Each request for accommodation, or for testing session modifications, is considered on an individual basis. To begin the process of requesting an accommodation, a GED® candidate should go to the nearest GED® testing center and request Form L-15 (for specific learning disabilities and attention deficit hyperactivity disorder) and Form SA-001 (for emotional and physical disabilities). These forms describe the information needed to document the disability. When the form is complete, it should be returned to the GED® testing center. The GED Testing Service is available during regular business hours to answer specific questions about policies and procedures.
Because extended testing hours and special materials are often needed, the first point of contact for the person with a disability or his/her advocate must be the nearest GED® testing center.
Language Arts, Writing Test Questions
Since January 2002, GED® Language Arts, Writing Test (Part II) essays have been scored on a four-point holistic scale.
Two trained essay readers read each essay and score based on the overall impression. The overall impression of each paper is based on five areas:
Does the paper respond to the assigned prompt—did the candidate use the topic on the test?
Can the reader see or follow an organized plan for development?
Are there specific and relevant details to support the paper's focus?
Are the conventions of language (grammar, usage, and mechanics) generally followed?
Is the word choice precise, varied, and appropriate?
The two readers' scores are then averaged. If the essay receives a score of 2 or higher, the essay score is combined with the multiple-choice score to form a composite. If a candidate receives a score of 1 or 1.5 on the essay , there will be no composite score (a test score of 0 may be reported), and the candidate must retake both the essay and multiple choice portion.
NOTE: Please note that individual essay scores are not reported. On the composite score, the multiple choice score results represent 65 percent of the composite, and the essay score represents 35 percent.
Essay readers may not be more than one point apart in their scoring. In those cases where the readers are more than one point apart, the Chief Reader for the scoring site will set the score by agreeing with the reader whose score follows the GED Testing Service scale.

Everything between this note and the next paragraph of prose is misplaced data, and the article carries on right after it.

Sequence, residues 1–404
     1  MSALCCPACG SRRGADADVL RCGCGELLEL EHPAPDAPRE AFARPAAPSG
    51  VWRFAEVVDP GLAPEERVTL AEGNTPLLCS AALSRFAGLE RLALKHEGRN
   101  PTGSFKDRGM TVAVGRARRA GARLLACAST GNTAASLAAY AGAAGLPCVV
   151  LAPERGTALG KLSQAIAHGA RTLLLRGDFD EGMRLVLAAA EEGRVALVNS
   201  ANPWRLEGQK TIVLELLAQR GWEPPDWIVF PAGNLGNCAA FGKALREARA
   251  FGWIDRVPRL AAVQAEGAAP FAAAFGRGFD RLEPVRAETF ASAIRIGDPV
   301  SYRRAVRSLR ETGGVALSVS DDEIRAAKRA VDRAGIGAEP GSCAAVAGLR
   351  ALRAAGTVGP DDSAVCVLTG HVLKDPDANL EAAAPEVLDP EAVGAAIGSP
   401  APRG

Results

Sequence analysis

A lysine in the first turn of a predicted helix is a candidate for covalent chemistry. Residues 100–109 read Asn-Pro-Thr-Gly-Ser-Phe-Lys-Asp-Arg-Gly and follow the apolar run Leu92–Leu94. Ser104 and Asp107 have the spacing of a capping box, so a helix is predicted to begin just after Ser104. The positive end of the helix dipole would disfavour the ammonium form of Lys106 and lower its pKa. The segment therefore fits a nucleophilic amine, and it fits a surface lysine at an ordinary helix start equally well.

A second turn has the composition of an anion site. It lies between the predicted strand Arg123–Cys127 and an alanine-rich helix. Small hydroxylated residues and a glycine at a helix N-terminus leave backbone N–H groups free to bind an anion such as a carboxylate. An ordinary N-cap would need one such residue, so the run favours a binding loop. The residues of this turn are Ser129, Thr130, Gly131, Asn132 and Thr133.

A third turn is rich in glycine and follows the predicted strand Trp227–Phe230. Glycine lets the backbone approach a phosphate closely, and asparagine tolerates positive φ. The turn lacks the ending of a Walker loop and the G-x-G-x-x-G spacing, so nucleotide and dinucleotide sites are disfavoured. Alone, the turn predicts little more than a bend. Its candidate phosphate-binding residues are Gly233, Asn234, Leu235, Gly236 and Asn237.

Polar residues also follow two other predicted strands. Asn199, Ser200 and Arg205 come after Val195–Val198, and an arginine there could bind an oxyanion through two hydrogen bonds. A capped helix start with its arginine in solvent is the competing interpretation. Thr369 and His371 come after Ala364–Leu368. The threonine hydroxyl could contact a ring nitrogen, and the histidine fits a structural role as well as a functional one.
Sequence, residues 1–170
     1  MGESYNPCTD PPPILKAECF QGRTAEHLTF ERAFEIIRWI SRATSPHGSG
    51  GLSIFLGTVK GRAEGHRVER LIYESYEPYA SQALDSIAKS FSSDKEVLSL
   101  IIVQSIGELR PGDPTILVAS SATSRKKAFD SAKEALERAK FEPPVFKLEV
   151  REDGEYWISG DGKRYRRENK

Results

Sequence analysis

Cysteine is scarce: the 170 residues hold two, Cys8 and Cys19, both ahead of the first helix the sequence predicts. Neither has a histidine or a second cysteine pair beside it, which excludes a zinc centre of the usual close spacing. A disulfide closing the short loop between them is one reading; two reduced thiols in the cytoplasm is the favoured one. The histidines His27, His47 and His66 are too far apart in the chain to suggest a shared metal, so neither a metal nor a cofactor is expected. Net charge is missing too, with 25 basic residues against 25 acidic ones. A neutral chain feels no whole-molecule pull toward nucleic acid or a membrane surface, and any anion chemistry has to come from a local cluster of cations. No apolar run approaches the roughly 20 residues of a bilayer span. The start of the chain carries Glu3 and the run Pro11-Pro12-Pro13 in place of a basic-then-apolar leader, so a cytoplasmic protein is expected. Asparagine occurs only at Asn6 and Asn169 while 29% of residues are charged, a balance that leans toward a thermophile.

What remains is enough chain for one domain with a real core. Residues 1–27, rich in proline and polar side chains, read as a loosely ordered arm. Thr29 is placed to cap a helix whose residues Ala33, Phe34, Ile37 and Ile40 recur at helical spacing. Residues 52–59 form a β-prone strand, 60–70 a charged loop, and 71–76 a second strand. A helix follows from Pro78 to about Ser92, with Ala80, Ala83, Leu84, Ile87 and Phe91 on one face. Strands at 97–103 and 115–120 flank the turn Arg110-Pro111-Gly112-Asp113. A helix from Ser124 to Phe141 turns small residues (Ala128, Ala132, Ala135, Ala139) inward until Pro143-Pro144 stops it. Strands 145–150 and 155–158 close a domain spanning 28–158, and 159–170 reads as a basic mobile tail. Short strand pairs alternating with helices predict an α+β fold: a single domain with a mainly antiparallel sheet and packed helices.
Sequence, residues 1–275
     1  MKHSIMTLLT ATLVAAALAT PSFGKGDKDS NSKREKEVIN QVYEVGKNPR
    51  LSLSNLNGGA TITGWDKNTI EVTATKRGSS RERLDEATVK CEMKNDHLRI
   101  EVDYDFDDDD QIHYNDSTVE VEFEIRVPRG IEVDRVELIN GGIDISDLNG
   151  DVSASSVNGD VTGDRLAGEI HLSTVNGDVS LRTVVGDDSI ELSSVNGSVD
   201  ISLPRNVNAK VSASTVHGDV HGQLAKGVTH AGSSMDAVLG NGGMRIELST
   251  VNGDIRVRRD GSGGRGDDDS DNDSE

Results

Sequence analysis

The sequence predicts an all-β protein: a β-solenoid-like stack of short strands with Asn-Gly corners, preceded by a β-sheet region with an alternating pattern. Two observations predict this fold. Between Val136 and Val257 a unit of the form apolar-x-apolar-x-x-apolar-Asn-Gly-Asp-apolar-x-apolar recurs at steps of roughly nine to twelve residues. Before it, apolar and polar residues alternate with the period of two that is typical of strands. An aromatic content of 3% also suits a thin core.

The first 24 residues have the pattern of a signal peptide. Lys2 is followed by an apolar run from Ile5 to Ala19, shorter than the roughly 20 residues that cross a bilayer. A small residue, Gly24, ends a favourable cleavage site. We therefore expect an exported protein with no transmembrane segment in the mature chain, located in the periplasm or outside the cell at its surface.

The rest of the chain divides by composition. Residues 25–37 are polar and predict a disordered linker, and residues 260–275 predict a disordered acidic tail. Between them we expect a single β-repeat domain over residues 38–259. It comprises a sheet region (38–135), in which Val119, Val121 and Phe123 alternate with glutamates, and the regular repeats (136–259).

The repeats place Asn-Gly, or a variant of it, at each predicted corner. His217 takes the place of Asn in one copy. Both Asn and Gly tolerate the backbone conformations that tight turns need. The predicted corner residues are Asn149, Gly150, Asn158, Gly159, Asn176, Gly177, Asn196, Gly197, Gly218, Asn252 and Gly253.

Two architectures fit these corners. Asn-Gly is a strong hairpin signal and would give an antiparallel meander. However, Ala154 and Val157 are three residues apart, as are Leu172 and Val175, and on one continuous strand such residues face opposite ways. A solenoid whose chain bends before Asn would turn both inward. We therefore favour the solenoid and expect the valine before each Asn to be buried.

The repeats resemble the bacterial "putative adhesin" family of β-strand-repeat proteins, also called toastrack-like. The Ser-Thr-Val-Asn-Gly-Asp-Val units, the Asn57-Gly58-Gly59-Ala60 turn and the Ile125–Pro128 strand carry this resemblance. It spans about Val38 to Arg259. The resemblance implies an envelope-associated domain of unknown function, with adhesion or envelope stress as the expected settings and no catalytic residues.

A GED® candidate must earn a score of two or higher on the Language Arts, Writing Test, Part II essay in order to receive a composite score and obtain a passing score. If a two or higher is not earned on the essay, a test score of 0 may be reported.
A candidate needs a score of two or higher to earn a passing score. States may set a composite passing score (multiple choice and essay) that is higher than the current minimum GED® passing score of 410. The composite passing score cannot be set lower than the GED Testing Service standard score.
If you received a score on your transcript in the range of 200-800, you would have earned at least a score of two (minimum passing score on the four-point scale) on your essay. If your score was 0, you did not earn a score of two or higher on the essay.
If you received a double (**) asterisk on your transcript, then you did not earn a 2 on your essay. Note: A single asterisk (*) indicates that you did not write on the assigned topic, and your response was recorded as "off topic."
If it was your essay score that kept you from passing, you will still have to retake both parts of the Language Arts, Writing Test. We highly recommend that you seek some additional preparation before retaking any of the GED® test content areas.
GED® candidates can find other preparation guides at their local libraries, bookstores, and at the GED Marketplace™ online.
Good writing needs a focus, organization, and development with specific and relevant examples, details, explanations, etc. You'll see these elements at the top of our scoring grid. Our readers are especially concerned with the development that supports a focus. They do not, however, look for specific errors in grammar, usage, and mechanics—they don't score with the same elements in mind that a classroom teacher would.